June 2014: New Ormas Law used to back police repression in Papua
At the end of June 2014, there were at least 76 political prisoners in Papuan jails.
The West Papua National Committee (Komite Nasional Papua Barat, KNPB), a Papuan pro-independence activist organisation, was heavily targeted by Indonesian security forces this month. There were at least 24 arrests of KNPB members across Papua in Boven Digoel, Timika and Merauke. Police performed a mass arrest of 20 KNPB members in Boven Digoel under the auspices of the Social Organisations Law (RUU Organisasi Kemasyarakatan, RUU Ormas), claiming that the KNPB was an illegal organisation as it was not registered with the Department of National Unity and Politics (Kesatuan Bangsa dan Politik, Kesbangpol). The police also stated that any KNPB attributes such as flags and symbols were thus also considered illegal. The use of the Ormas Law to de-legitimise and control indigenous civil society groups, especially ahead of planned demonstrations or commemorative events, continues to place unacceptable limitations on freedom of assembly and expression in Papua.
The timing of crackdowns on KNPB members this month suggests that Indonesian authorities used arrests and raids to prevent activists holding events commemorating 1 July, a date Papuans consider to be their national day. There was also an election-related political arrest, following a common pattern during election periods in Papua, where pro-independence activists call for election boycotts, and are subsequently arrested. This month in Merauke, police arrested one activist and surrounded the KNPB Secretariat, claiming that the activists planned a socialisation event to boycott the 2014 Indonesian Presidential elections on 9 July 2014. Papuans Behind Bars has documented similar arrests in Bokondini in 2004 and in Nabire in 2009.
Meanwhile in the Netherlands, Iskandar Bwefar, a Dutch Papuan, was arrested in the Hague for peacefully waving a Morning Star flag during a procession celebrating Dutch Veterans Day. Dutch civil society groups reported that the flag, a symbol of Papuan identity, was banned from the parade procession by the Dutch House of Representatives following pressure from the Indonesian authorities. This arrest echoes that of three Papua New Guinea nationals in December 2013 when the Morning Star flag was raised during an event in Port Moresby. The willingness of foreign governments to legitimise the criminalisation of the Morning Star symbol, in contravention of international law and reports and opinions issued by the UN Working Group on Arbitrary Detention, is of particular concern. At a broad level, this development indicates that Indonesia is becoming increasingly pro-active in its efforts to quash support for Papuan independence among exile communities.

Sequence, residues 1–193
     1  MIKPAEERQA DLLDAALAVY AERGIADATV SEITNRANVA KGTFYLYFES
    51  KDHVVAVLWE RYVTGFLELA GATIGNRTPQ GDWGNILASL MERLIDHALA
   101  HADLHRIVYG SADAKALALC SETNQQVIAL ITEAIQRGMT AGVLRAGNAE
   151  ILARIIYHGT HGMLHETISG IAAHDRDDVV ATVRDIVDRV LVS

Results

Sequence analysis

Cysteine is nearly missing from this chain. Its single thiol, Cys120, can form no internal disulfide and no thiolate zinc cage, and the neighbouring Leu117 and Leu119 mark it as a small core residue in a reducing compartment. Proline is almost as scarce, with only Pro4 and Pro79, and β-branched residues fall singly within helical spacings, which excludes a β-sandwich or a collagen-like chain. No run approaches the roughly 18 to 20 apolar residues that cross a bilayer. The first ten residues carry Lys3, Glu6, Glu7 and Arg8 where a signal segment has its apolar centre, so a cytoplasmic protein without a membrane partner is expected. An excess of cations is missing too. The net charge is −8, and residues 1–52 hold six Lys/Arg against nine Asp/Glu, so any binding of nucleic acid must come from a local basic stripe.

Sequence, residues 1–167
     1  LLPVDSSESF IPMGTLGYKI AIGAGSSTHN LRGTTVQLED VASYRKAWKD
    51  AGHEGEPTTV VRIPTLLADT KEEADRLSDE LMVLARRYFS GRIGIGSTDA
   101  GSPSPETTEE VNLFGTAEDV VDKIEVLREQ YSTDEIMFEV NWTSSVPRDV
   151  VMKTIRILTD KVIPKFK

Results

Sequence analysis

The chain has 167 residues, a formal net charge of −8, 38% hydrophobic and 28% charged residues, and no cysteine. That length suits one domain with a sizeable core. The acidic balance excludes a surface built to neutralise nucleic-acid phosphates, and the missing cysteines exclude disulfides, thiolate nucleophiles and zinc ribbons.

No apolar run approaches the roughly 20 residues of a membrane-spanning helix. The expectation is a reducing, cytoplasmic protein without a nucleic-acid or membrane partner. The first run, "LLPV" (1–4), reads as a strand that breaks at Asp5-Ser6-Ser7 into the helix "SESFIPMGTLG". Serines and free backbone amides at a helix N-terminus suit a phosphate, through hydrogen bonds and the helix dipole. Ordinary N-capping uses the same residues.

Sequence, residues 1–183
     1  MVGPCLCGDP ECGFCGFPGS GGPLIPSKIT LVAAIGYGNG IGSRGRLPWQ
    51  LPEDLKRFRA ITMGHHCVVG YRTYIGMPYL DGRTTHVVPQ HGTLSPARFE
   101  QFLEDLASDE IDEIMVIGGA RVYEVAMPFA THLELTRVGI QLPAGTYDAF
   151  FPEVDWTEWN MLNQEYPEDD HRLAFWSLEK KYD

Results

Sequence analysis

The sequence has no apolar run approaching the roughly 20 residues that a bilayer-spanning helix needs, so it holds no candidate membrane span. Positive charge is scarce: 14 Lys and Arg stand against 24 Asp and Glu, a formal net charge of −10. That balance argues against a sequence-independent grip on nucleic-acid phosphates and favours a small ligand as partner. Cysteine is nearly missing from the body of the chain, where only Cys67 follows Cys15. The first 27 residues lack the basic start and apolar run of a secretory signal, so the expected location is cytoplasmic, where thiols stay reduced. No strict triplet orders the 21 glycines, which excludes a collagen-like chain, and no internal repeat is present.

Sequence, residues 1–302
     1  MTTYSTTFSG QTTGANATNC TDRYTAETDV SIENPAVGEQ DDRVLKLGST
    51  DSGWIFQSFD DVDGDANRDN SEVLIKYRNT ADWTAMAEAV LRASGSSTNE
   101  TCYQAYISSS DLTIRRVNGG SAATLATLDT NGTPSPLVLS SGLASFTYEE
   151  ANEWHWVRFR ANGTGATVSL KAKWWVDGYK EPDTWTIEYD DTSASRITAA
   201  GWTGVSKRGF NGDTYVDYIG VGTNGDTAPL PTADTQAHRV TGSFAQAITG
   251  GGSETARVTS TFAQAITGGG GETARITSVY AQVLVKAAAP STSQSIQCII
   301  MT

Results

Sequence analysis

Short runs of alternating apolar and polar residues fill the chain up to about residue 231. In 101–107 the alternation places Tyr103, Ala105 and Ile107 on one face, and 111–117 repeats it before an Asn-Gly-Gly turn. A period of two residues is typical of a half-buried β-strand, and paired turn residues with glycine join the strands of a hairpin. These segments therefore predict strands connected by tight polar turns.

Twenty KNPB members arrested in Boven Digoel police raid
According to local activists, on 28 June 2014, 20 activists from the West Papua National Committee (Komite Nasional Papua Barat, KNPB) were arrested at their Secretariat in Boven Digoel. Around 50 Boven Digoel Regional police reportedly searched the KNPB Secretariat and damaged items such as pro-independence posters and KNPB flags. Police also confiscated several items including five handphones, a digital camera, KNPB flags, banners and money from the Secretariat, all of which were not returned. The 20 activists have since been released.